The specter of sexism has hung over Ben Bernanke's looming departure from the Federal Reserve for a long time now, with Dallas Federal Reserve Chairman Richard Fischer absurdly alleging that promoting Vice Chair Janet Yellen to the top job would be a pick "driven by gender" and allies of Lawrence Summers offering hazy complaints that Yellen lacks "gravitas" rather than offering a policy rationale for preferring Summers.
But I think it's worth saying that gender ought to be a consideration in this choice, a consideration that militates in favor of Yellen.
I think about myself. I'm a man. Like most American men, I'd say a majority of my close friends are men. What's more, most political journalists are men. So when I think about my closest personal associates in the field of political journalism, I come up with a list of cronies and buddies and confidantes who are mostly men. And that's life. But precisely because this is such a banal state of affairs, I try to go out of my way to be cognizant of it when I'm in a position to suggest candidates for jobs. If I go about devising a "gender blind" list of suggestions, I'm going to come up with a male-dominated list. Not because I'm some egregious misogynist, but because that's my life and that's my field. But this men-recommending-other-men dynamic is poisonous for the profession and for the world. The right thing to do is to sit around and say "I'm going to come up with some women to add to my list of recommendations before sending it over even if that means I need to think a bit harder." Because unless someone does that, nothing ever changes.
Back to monetary policy. It happens to very genuinely be the case that there are not a lot of women working in the field of monetary economics. As Christina Romer has said, "I’m lucky at monetary-economics conferences if I’m one of three women, and now that Anna Schwartz has died, if I’m one of two."
That's a regrettable state of affairs. And it's not just conferences. No woman has ever run the Federal Reserve or the European Central Bank or the Bank of England or the Bank of Japan or any other major developed country central bank. I can't pinpoint exactly what harm has been done to women's interests in the world by their total exclusion from high-level central banking, but it's going to be something. Now none of this is a reason to appoint Yellen if the White House has some serious public policy disagreement with her. But none of the various leaks and emanations have given any sign of one. Instead the idea seems to be more that Summers is "part of the gang" who was in the bunker with the Obama economic policy team and who they personally like and trust and respect. Those are very valid sentiments. But those are also exactly the kind of sentiments that any progressively minded man working in a male-dominated field ought to interrogate a bit when it comes to personnel decisions.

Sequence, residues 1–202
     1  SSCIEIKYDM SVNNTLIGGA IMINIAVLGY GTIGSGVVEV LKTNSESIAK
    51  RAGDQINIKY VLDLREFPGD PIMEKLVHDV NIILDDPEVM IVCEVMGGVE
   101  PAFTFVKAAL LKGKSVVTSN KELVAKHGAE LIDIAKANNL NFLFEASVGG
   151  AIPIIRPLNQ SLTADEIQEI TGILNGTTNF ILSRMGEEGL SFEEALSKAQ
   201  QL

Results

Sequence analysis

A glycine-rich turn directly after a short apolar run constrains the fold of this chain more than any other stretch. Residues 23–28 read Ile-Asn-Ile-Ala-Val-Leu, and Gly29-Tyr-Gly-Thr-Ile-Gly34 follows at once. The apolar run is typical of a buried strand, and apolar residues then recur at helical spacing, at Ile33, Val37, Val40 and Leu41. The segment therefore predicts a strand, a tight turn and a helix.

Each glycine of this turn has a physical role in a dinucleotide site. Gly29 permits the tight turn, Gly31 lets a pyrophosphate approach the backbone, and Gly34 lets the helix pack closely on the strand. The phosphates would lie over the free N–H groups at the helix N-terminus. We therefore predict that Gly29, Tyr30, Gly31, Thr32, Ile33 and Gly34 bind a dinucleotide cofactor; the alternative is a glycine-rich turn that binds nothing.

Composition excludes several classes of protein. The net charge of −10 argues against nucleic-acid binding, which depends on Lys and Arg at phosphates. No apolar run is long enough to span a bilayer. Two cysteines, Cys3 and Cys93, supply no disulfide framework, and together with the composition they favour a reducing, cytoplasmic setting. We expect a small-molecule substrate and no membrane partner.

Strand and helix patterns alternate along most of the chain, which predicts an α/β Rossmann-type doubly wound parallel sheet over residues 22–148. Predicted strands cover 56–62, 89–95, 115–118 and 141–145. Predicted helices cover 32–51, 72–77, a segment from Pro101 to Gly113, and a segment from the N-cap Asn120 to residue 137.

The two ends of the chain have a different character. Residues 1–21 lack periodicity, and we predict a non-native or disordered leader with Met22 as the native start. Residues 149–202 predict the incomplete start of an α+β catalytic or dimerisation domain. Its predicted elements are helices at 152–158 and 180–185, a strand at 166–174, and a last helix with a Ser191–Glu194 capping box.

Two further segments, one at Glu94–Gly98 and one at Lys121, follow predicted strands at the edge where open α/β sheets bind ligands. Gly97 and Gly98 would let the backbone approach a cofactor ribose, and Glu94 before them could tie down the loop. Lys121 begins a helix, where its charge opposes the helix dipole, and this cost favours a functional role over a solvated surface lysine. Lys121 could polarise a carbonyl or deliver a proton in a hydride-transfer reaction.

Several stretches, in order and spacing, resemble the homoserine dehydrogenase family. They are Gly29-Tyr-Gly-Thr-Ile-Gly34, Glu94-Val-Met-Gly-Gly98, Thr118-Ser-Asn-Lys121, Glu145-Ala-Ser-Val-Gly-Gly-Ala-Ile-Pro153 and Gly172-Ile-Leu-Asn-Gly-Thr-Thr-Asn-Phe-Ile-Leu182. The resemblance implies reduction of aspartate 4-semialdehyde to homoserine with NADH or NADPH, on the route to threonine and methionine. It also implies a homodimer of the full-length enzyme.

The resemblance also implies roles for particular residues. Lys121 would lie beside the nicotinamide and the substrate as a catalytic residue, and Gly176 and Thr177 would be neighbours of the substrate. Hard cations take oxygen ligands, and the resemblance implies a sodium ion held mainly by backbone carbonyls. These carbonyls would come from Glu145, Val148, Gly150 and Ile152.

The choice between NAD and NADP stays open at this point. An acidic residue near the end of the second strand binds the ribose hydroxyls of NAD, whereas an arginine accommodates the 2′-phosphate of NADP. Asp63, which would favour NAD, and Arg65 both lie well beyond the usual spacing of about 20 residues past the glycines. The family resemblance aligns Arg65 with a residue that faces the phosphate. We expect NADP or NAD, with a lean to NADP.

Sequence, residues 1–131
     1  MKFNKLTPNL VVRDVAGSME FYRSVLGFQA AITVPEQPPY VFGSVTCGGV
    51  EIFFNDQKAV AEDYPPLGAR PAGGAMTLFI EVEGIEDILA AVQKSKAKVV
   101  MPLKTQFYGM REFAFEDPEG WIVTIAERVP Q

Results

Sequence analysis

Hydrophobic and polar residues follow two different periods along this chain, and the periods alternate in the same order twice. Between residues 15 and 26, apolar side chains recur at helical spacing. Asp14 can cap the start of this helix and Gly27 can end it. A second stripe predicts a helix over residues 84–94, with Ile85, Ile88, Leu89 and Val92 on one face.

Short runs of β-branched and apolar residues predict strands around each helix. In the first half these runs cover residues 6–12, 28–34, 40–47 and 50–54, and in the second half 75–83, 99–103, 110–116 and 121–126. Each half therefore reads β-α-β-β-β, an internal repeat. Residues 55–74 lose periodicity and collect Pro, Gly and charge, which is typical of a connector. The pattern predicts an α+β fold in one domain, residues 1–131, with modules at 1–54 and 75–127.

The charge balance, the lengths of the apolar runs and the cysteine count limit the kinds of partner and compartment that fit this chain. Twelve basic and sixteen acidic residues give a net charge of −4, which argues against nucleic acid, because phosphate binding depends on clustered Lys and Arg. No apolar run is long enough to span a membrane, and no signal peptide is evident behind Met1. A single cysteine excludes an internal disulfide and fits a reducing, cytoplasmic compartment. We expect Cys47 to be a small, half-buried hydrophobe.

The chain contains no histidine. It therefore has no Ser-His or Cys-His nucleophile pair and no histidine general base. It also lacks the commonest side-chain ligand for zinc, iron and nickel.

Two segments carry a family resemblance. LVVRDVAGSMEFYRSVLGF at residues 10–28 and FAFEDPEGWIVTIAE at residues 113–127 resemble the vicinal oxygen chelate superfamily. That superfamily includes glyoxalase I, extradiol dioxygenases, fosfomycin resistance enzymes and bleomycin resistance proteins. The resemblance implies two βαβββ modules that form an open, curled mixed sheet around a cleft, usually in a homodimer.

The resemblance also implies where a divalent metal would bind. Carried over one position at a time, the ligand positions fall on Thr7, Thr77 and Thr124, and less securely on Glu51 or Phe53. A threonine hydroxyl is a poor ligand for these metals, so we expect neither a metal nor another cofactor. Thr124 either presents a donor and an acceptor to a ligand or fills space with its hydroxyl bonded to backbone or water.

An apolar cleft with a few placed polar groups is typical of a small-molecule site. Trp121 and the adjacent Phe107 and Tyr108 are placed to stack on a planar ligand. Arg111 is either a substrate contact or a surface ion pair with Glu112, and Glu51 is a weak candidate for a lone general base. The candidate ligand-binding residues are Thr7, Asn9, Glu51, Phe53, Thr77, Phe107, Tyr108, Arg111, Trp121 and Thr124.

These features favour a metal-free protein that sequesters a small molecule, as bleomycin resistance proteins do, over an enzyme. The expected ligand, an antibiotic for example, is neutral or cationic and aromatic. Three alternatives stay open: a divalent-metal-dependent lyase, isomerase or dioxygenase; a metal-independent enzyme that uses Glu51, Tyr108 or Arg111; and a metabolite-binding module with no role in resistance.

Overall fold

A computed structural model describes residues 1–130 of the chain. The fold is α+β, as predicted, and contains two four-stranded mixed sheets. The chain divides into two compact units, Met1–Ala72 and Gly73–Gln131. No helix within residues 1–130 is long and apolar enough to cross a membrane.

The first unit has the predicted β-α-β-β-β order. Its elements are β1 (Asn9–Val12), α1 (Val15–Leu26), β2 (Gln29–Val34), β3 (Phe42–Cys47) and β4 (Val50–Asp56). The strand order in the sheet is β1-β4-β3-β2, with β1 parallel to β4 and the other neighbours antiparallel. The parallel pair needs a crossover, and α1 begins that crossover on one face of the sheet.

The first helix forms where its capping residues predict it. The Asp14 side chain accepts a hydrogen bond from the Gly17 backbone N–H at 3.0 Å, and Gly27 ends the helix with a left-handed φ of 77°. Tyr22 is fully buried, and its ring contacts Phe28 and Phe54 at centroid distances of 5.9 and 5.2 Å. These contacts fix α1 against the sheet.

If men in a male-dominated field just help out their (male) allies and confidantes, then women can never get ahead. Unless you can say that your personal network is well-balanced between men and women, then you need to take some moments to step back and look beyond that circle to find some women who'd be well-suited to the job. Otherwise a "gender blind" search process will, over the years, put women in an entrenched position of disadvantage.